The problem is that US gov is the 1st power of the world. And coruption is in it's higher spheres of power, for example in my country you can pay for your drivers licence and not do any driving test.. or you can pay a cop to avoid a trafic ticket.... that doens't happen in USA, but cheney, condoleza rice, carlucci, bush, clinton, etc are all proven corrupt.... with the diference that their decicions afects the entire world...
  16. Jul 12, 2005 #15
    by corrupt you mean that they are stealing money from the people? or is it that you see their foreign actions as immoral?
  17. Jul 12, 2005 #16
    No, when i say corrupt for example could be:

    The police acepting a bribe of a driver for not doing a speeding ticket for example.. no money is being stolen from the people, it's just that the driver prefer to pay the cop a small amount and not pay the trafic ticket.....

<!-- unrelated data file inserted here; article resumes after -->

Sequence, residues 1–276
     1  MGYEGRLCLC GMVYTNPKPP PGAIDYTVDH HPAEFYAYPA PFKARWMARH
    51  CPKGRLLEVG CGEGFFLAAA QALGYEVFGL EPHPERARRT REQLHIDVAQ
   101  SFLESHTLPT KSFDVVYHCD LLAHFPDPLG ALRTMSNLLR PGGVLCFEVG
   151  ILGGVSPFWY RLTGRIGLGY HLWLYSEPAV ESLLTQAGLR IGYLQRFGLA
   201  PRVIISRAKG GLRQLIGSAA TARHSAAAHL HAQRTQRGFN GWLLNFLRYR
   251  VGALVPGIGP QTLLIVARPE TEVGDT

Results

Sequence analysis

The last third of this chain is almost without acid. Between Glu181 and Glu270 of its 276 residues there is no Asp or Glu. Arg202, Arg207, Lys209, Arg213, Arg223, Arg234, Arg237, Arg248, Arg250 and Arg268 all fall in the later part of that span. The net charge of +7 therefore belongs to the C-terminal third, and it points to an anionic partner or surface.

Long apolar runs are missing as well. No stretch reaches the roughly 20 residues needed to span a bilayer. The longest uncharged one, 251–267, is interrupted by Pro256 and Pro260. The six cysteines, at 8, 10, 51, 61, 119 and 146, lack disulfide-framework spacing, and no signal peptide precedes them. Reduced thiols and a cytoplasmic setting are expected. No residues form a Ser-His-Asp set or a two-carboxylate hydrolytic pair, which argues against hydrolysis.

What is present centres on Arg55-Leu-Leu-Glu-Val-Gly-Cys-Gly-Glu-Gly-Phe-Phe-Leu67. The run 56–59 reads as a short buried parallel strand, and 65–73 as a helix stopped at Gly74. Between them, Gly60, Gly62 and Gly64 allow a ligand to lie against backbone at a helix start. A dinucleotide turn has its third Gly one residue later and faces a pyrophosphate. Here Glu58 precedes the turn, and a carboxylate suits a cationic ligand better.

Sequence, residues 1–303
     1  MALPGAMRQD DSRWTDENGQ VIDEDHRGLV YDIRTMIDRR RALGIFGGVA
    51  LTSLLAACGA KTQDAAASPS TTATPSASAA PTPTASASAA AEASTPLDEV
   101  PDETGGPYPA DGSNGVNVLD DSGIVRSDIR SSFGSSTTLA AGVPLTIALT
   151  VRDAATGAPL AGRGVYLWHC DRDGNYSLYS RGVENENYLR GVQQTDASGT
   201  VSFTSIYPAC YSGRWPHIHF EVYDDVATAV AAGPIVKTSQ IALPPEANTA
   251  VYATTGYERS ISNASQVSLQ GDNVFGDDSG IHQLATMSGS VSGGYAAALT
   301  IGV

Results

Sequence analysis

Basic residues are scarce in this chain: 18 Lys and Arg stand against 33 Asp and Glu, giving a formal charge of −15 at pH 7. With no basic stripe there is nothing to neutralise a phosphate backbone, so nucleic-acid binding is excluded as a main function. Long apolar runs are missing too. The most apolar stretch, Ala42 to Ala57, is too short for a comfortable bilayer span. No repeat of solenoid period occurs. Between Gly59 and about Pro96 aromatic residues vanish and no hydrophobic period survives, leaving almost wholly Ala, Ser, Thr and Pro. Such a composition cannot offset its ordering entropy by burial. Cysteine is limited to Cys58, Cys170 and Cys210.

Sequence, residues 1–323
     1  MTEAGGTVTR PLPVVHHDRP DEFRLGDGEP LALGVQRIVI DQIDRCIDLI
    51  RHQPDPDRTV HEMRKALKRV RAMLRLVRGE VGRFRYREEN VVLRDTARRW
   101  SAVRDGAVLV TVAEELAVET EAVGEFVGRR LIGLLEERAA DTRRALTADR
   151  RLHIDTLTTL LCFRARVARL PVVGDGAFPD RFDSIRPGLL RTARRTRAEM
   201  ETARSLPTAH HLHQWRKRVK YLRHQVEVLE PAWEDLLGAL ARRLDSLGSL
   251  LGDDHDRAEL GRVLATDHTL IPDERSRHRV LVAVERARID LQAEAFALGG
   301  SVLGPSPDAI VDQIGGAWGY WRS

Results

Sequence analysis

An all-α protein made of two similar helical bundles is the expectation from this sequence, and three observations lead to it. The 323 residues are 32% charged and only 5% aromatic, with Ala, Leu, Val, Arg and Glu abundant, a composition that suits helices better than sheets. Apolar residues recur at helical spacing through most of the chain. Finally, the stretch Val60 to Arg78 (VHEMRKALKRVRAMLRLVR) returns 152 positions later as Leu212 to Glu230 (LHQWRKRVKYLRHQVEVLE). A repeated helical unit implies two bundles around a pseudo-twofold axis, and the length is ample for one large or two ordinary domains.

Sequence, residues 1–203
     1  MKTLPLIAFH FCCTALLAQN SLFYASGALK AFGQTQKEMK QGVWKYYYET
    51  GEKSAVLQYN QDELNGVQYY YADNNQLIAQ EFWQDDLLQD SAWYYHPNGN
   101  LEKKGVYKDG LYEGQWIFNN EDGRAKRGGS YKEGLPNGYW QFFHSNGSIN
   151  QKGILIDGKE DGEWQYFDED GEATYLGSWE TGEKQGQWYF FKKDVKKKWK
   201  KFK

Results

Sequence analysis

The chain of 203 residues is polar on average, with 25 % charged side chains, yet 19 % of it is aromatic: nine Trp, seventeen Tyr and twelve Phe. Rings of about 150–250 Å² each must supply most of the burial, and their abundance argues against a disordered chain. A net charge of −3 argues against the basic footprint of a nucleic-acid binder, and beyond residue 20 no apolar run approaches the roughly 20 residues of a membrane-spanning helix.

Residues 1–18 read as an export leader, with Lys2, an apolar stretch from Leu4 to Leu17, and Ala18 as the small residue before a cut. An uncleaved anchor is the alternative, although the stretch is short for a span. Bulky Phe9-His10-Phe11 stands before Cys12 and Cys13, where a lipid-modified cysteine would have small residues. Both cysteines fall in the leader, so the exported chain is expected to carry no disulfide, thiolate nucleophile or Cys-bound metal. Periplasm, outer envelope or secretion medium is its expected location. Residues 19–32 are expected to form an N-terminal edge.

Another common case of corruption, at least here in argentina, let say the minister of infrastructure.... He aproves a program to build a bridge, then he make a "Ghost corporation" who only exist in papers, then he make his gosth corporation win the bid, and pay the corporation with state money to build the bridge, he keeps the money of the bridge and no bridge is done.. or they chose 2 or 3 corporations who's owner are personal friends of them, and they gave all the contracts to them in exchange of a bribe...

    Those are specific cases of corruption, but when all this thing happens all the time, this make a Mafia instead of a goverment.... so if you are not playing the game, you are busted. My goverment is not more a goverment, it's a group of criminals who have everything organized to steal all the money and power they can from the people.

    Another form of corruption is that of Conflict of interest, for example, i am the ceo of a private corporations, let's say "Weapons manufacturer INC" and after i resing i get a place in the goverment as "Defence purchasing office"